Popular opinion on ideal feminine beauty and masculine good looks was a deciding factor for decades on which actors/actresses were most successful. The looks and roles of these movie icons reflected the prevailing values and attitudes of the time towards love and romance.
Today, a broader appreciation of beauty has engendered a constellation of film celebrities, each attractive in their distinct way.
The 1920s and 30s
Early film actors in China, such as Ruan Lingyu, Hu Die, Zhou Xuan, Zhao Dan, Jin Yan and scores of others, began their careers in theater or Chinese opera.
Delightfully dimpled, doe-eyed Hu Die (1908-1989), or Butterfly Hu, attended classes at the Shanghai Film School – first of its kind in China – at age 16. She was the first Chinese actress to become well known in the West.
Hu Die’s performance in the 1928 martial arts film Burning the Red Lotus Temple won her lasting stardom. By 1933, China’s first-ever public poll had named her Queen of Film. In 1935 Hu’s fame spread overseas when she attended the Moscow Film Festival as part of China’s first film delegation, which also included Peking Opera master Mei Lanfang. Hu Die displayed her versatility during her four-decade career in a wide range of roles, such as teacher, singer, prostitute and highborn lady. She received a special achievement award in 1986 at the Taipei Golden Horse Film Festival.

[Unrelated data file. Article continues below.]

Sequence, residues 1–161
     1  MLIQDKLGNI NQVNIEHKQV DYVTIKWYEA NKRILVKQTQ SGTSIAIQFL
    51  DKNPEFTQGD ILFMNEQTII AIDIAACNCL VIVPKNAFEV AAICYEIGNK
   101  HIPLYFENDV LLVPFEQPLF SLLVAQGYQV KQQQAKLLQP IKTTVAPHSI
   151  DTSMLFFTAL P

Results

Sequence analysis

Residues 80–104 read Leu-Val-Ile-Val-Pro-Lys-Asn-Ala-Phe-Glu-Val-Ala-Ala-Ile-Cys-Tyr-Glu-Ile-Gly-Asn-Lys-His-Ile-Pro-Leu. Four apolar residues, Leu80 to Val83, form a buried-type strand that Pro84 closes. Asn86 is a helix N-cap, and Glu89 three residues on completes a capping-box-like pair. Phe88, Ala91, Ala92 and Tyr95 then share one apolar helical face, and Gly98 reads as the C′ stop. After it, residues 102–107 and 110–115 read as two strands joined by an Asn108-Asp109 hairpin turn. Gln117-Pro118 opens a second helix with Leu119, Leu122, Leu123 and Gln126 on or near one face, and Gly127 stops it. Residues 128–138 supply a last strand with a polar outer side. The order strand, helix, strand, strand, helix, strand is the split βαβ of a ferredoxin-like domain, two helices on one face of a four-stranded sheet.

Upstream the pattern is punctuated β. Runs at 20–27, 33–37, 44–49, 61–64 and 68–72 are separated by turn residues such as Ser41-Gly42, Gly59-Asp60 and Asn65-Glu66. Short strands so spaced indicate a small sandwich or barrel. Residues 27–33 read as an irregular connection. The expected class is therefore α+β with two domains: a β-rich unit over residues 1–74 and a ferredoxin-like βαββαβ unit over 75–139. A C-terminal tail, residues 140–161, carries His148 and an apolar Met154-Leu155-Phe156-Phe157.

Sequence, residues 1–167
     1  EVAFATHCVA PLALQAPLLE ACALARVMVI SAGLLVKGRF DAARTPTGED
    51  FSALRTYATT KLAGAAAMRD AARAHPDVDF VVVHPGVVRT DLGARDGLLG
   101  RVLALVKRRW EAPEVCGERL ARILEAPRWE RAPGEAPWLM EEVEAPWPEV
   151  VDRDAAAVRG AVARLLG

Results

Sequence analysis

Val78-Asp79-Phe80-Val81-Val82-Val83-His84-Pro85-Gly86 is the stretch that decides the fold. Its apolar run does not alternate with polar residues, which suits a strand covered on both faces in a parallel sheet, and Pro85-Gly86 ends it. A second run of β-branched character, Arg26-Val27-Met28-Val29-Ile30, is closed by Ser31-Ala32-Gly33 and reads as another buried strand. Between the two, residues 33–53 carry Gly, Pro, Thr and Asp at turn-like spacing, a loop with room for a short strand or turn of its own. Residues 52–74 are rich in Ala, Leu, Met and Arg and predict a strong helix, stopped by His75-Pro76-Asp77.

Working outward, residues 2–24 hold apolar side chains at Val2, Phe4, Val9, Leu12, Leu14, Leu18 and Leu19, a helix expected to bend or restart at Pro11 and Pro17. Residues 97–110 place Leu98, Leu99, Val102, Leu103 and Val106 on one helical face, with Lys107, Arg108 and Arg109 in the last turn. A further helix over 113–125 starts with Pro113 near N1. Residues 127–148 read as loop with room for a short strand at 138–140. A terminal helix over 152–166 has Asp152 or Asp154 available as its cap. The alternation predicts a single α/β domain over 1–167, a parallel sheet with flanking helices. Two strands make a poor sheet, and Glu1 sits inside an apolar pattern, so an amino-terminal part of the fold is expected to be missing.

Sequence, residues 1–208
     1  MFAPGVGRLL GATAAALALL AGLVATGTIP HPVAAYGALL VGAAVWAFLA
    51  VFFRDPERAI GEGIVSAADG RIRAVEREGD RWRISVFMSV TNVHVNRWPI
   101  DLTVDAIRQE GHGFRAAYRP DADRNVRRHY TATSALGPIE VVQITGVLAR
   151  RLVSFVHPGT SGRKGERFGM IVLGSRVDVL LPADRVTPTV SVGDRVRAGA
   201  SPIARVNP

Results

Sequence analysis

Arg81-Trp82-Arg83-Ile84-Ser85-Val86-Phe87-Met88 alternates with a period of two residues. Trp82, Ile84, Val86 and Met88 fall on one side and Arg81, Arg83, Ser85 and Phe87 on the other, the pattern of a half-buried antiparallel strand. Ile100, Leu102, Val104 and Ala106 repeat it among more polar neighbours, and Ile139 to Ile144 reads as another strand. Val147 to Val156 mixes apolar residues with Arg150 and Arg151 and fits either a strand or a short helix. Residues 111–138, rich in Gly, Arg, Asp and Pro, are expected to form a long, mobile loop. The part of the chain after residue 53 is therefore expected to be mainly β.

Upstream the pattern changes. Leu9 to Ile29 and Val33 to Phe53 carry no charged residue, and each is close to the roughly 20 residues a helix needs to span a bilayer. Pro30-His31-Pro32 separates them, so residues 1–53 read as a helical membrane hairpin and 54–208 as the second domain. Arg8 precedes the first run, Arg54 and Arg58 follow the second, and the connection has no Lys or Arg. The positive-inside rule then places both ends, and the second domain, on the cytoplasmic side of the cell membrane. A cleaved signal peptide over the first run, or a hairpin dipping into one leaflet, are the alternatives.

Zhou Xuan (1920-1957) was a favorite among intellectual circles. No classic beauty, the actress and singer had a refreshing, girl-next-door quality. Abandoned as an infant, Zhou’s adoptive parents enrolled her in singing and dancing classes when she was eight. Her singing role in Street Angel (1937), which displayed her distinctively sweet, lilting vocals, and powerful performance captured the hearts of millions of Chinese of the time, winning her the epithet “Golden Voice.” The role assured her sustained stardom. Two of the songs it featured, Four Seasons Song and The Wandering Songstress, are still popular today. Zhou Xuan took leading roles in 30 movies, among them Dong Xiaowan, Love Story of Su San and All-consuming Love.
The 40-instalment TV series in 2006 celebrating Zhou Xuan’s legendary life was a huge success.
Leading men Zhao Dan (1915-1980) and Jin Yan (1910-1983) embodied what was generally regarded in the 1930s as the ideal man. Originally a theatrical actor, Zhao Dan’s skilled portrayals and good looks singled him out and brought him stardom. He starred in the Spring Dream of the Lute (1932), Youngsters of the Time (1933), and Street Angel (1937).
Korean-born Jin Yan and his family immigrated to China to escape Japanese persecution when he was an infant. He became a Chinese citizen in 1921 and started his acting career in 1929. Tall and handsome, he was particularly popular among the youth. Among his best-known films are Three Modern Women, The Big Road and Soaring Aspiration. A 1934 poll survey named Jin “King of Film.” By the time he retired in 1962, Jin had starred in 46 movies. He is remembered as The Rudolph Valentino of Shanghai – an apt comparison, as in addition to being sex icons of the golden age of silent films, both also died of gastric problems.